- What is the vision? (Most organizations look to their senior management to set the strategic vision and goals.)
- Where are we now? (Use ISO 20000 standards to identify the organization’s weakness.)
- Where do we want to be? (Use the COBIT process maturity model to identify the desired maturity model.)
- How do we get there? (Look at the ITIL framework.)
- Are we there yet? (Apply the controls in COBIT that feed information to the balanced scorecard.)
This is just one creative way in which an organization can leverage multiple frameworks. Each has its strengths and weaknesses, and each requires a certain level of knowledge and competency to successfully engage the organization in change.
The success of any framework adoption depends upon your organization’s ability to successfully engage in change. Management commitment, communication, training, well-defined vision, and a guiding coalition all affect how well your organization embraces change. Kotter’s eight steps to organizational change is a great tool for viewing change holistically. This methodology will not help you identify the right framework to use, but it will help your organization incorporate changes into a project with defined goals and objectives.
To successfully manage an IT organization and the services that it provides to the business, the IT service provider must use multiple frameworks to identify weaknesses and make improvements that benefit the business. ITIL, COBIT, ISO20000, Six Sigma, project management, Kotter’s eight steps to organizational change, CSI, and the balanced scorecard—all are great tools for driving greater value to the business. Restricting the organization to only one tool limits the possibilities for improvement; trying to use too many dilutes the overall effectiveness of any or all of them. Just like a chef, having more tools doesn’t help you cook a better meal. You need the best recipes, the best ingredients, and the right tools for the job. This takes with practice, training, experimentation, and experience. And it never hurts to bring a master chef along for the ride.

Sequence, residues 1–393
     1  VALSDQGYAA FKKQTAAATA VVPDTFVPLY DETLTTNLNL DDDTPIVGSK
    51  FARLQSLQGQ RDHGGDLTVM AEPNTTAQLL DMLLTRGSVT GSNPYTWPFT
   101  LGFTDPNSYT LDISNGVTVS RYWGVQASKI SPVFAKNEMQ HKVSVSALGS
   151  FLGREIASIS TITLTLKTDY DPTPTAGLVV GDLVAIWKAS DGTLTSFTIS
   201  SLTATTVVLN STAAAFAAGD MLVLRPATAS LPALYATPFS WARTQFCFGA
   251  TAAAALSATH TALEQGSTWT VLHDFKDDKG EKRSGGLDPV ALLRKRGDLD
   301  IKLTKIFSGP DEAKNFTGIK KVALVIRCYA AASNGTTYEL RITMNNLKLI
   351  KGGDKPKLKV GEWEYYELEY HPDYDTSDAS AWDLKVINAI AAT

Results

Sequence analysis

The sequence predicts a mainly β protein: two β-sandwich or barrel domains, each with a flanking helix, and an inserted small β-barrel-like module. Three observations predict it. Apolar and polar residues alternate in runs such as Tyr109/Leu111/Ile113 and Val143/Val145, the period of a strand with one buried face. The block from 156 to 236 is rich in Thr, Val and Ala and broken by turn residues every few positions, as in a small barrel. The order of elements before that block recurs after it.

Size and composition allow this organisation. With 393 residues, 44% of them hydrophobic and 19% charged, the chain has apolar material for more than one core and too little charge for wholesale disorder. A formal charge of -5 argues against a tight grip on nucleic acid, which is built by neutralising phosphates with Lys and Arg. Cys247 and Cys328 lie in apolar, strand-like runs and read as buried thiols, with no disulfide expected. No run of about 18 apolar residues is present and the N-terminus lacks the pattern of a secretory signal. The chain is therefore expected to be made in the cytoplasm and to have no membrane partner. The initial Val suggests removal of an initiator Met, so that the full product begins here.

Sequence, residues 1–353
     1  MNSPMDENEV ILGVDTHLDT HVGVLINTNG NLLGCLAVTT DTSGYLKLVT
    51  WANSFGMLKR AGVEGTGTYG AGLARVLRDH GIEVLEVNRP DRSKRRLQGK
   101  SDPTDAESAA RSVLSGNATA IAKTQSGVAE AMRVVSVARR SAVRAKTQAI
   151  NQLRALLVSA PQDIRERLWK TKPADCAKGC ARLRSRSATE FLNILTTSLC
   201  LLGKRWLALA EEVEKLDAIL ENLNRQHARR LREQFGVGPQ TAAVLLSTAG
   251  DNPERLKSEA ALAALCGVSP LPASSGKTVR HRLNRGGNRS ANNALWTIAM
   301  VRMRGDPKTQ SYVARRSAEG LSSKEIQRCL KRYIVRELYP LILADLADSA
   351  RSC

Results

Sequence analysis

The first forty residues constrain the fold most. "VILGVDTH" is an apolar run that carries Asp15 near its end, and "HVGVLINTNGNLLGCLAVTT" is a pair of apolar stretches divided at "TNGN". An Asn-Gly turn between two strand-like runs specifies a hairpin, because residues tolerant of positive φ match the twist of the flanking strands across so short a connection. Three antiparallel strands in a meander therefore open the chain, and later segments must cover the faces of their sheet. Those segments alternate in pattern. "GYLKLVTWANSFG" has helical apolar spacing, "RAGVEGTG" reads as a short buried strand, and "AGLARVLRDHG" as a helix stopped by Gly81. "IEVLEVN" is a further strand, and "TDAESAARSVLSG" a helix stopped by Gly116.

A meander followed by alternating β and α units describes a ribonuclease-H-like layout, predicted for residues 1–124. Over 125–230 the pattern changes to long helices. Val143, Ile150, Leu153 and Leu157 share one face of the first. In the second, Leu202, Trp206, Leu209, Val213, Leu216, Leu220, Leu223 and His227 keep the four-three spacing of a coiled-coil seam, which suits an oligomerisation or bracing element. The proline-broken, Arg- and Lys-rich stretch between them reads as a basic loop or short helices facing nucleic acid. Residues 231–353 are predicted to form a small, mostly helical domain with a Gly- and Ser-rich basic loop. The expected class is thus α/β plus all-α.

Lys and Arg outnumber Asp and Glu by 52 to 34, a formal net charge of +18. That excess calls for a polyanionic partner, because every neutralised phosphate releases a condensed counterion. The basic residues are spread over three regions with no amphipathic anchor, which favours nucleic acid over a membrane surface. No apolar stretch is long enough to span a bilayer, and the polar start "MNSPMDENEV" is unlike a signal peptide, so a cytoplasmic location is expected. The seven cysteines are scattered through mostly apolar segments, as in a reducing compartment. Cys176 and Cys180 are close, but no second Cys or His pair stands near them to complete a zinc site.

Julie Mohr is the principal research analyst and author at BlueprintAudits.com. She is a passionate organizational change advocate, providing imaginative insight and dynamic leadership that transforms organizations into best practice, customer-focused environments through knowledge management, ITSM, IT governance, organizational enhancements, process re-engineering, and service level management. Julie has developed an IT governance framework and audit methodology that is used by thousands of organizations worldwide to identify weaknesses, develop improvement plans, and implement IT governance. She is the author of The Help Desk Audit: Blueprint for Success (BlueprintAudits.com, 2003) and The Help Desk Dictionary (BlueprintAudits.com, 2006).